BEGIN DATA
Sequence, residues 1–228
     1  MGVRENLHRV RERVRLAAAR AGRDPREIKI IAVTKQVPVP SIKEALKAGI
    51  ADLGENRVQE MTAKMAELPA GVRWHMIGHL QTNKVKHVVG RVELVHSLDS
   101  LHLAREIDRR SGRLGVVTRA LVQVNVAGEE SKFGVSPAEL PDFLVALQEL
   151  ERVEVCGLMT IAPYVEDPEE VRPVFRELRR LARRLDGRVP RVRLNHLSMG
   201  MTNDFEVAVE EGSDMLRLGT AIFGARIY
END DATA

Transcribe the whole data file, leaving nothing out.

Sequence, residues 1–228
     1  MGVRENLHRV RERVRLAAAR AGRDPREIKI IAVTKQVPVP SIKEALKAGI
    51  ADLGENRVQE MTAKMAELPA GVRWHMIGHL QTNKVKHVVG RVELVHSLDS
   101  LHLAREIDRR SGRLGVVTRA LVQVNVAGEE SKFGVSPAEL PDFLVALQEL
   151  ERVEVCGLMT IAPYVEDPEE VRPVFRELRR LARRLDGRVP RVRLNHLSMG
   201  MTNDFEVAVE EGSDMLRLGT AIFGARIY